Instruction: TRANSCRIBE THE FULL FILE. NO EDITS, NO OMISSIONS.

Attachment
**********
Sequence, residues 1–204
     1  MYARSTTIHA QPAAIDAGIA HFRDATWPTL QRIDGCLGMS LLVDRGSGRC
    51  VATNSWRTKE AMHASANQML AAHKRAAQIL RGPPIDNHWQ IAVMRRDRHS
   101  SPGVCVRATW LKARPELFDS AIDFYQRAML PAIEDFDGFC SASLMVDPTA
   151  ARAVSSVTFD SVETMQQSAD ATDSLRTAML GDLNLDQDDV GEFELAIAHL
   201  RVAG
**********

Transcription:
Sequence, residues 1–204
     1  MYARSTTIHA QPAAIDAGIA HFRDATWPTL QRIDGCLGMS LLVDRGSGRC
    51  VATNSWRTKE AMHASANQML AAHKRAAQIL RGPPIDNHWQ IAVMRRDRHS
   101  SPGVCVRATW LKARPELFDS AIDFYQRAML PAIEDFDGFC SASLMVDPTA
   151  ARAVSSVTFD SVETMQQSAD ATDSLRTAML GDLNLDQDDV GEFELAIAHL
   201  RVAG